Your Major Skin Milestones

Here’s exactly what happens to your complexion at every life stage, and how to be prepared for the highs and lows…  

Skin — like your body — changes over time. Sometimes these shifts can seem incredibly random. Like, why is my skin so dry all of a sudden? Or how can I be breaking out in my 30s? And where did these dark patches come from? Turns out such complexion swings are actually very predictable. Here, we asked Manhattan dermatologist Sue Ann Wee, M.D., who is an expert on the science of skin health, to fill us on the major skin milestones most women face. Then we tell you how you can get in front of these issues now — so you’re prepared for any complexion curveball that might be coming your way.

Skin Milestone: Your Teens

What to expect: Oily skin, acne and stretch marks

What’s going on in your body: Overactive hormones “stimulate sebaceous glands to produce an oily substance called sebum,” says Dr. Wee, which can clog pores. In many women, acne may flare up several days before your period. And high levels of hormones strike at the time when your body is growing, which can stretch the skin’s tissue.

What to do: See your dermatologist to get an acne regimen that works for you — benzoyl peroxide washes, salicylic and glycolic acids and topical sulfur are good over-the-counter remedies. Stretch marks are best treated early; your doctor can choose the right treatment for you (typically pulsed dye laser, but the choice of laser or treatment depends on your skin tone among other factors). In the meantime, we suggest a body oil to help minimize the effects of skin stretching.

Skin Milestone: Your College Years

What to expect: Acne and eczema flare-ups

What’s going on in your body: “The combination of increased stress and lack of sleep, which can spike the stress hormone cortisol, and poor eating habits (sugary, processed foods, and alcohol) can increase inflammation in the body,” says Dr. Wee, adding that this can lead to “skin changes such as increased acne, exacerbation of inflammatory conditions of the skin like eczema and psoriasis.” Plus, in your 20s, “there is already increased oil production from more active sebaceous glands, which makes acne even more likely during stressful times in college.”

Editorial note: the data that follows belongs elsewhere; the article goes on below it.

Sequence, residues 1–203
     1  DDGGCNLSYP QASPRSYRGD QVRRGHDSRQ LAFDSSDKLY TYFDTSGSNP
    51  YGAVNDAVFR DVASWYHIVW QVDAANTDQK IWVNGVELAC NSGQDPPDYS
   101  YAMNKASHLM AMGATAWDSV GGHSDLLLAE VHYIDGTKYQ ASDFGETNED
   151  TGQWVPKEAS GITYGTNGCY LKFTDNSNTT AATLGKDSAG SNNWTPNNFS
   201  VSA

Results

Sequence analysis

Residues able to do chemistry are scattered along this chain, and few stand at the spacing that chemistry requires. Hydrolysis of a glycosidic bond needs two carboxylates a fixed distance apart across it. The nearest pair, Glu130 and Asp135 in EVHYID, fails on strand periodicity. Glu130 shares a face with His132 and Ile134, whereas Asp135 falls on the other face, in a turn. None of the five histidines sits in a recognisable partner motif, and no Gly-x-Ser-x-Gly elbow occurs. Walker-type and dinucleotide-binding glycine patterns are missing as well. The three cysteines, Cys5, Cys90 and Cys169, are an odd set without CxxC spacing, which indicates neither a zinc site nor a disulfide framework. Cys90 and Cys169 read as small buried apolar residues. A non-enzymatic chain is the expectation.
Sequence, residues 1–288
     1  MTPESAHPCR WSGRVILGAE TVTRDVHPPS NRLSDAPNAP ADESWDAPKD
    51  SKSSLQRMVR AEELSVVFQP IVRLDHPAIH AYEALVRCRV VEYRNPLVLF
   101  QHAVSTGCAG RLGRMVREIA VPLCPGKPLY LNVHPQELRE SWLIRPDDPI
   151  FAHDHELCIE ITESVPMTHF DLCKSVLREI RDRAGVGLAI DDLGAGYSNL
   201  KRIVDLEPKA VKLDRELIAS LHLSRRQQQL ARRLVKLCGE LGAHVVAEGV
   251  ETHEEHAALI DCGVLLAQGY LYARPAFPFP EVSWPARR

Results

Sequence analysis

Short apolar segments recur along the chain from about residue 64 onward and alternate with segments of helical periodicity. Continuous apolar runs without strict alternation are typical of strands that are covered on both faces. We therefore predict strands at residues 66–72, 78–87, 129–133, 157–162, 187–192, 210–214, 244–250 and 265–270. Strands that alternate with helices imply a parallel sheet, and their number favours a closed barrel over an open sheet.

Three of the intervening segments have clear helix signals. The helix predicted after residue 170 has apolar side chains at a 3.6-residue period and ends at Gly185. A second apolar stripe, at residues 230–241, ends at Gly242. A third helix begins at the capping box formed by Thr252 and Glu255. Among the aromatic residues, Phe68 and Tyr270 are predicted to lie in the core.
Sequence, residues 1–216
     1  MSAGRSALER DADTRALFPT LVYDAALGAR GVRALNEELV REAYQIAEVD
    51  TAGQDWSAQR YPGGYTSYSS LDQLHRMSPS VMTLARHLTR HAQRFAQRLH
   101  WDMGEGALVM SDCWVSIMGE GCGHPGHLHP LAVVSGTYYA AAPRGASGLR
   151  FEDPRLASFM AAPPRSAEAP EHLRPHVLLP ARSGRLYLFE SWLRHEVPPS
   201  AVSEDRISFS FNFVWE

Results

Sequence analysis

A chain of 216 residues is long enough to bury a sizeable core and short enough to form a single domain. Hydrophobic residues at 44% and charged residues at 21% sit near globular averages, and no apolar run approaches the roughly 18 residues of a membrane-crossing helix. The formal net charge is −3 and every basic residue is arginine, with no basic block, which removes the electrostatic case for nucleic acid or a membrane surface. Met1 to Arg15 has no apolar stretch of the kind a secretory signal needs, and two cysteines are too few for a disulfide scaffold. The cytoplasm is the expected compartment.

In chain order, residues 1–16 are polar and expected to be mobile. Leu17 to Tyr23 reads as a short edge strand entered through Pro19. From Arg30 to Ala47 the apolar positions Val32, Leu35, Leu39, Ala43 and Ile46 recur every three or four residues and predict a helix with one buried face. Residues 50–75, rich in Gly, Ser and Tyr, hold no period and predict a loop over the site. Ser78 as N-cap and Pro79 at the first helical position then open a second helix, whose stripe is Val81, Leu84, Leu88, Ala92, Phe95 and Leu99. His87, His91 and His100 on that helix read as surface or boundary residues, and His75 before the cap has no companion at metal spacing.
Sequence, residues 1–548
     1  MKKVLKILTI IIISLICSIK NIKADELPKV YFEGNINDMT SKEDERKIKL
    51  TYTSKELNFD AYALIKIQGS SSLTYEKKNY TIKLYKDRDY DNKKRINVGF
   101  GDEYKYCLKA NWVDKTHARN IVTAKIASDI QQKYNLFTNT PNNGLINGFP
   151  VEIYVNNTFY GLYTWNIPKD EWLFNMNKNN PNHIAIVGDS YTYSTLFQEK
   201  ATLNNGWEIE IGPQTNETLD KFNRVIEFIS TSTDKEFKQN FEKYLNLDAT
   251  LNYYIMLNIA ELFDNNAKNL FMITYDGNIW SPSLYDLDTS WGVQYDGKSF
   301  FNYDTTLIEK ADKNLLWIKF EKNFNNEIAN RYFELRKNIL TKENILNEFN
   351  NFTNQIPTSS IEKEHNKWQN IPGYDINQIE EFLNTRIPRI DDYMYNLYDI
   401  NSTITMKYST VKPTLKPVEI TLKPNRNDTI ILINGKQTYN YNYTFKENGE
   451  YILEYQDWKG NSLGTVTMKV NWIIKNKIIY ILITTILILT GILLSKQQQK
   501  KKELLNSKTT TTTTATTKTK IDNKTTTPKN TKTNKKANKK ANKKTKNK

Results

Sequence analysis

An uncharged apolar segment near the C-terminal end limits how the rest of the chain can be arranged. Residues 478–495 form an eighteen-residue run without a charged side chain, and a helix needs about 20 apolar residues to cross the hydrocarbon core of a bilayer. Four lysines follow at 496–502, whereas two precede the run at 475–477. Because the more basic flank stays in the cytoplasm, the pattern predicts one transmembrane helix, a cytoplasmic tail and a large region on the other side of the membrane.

What to do: Make good lifestyle decisions!  Try to avoid all nighters by sticking to a regular study, exercise and sleep routine. Embrace a whole-food diet and check in with your dermatologist to formulate an acne treatment plan (early treatment can prevent or minimize acne scarring). Other good skin care habits we recommend include using gentle cleansers that don’t strip the natural pH of the skin, non-comedogenic moisturizers, and high SPF broad spectrum sunscreens (reapply every two hours and use a nickel-sized dollop for face and shot glass amount for the body).

Skin Milestone: Pregnancy

What to expect: Dewy, radiant skin (yah!), changes in pigmentation, acne

What’s going on in your body: “Although the precise mechanisms are not clear, hormonal and metabolic changes during pregnancy significantly impact the skin,” says Dr. Wee. “Increased estrogen positively affects collagen production, elasticity and hydration,” she says, and high levels of progesterone may boost elasticity and skin firmness. The “pregnancy glow” is thought to be due to amped up oil production and blood supply to the skin; “however, these same hormonal changes may aggravate acne or rosacea,” she says. Stretch marks often occur with pregnancy and as well as melasma, or darkening of the skin, that might have to do with increased estrogen, sun exposure, and genetic predisposition.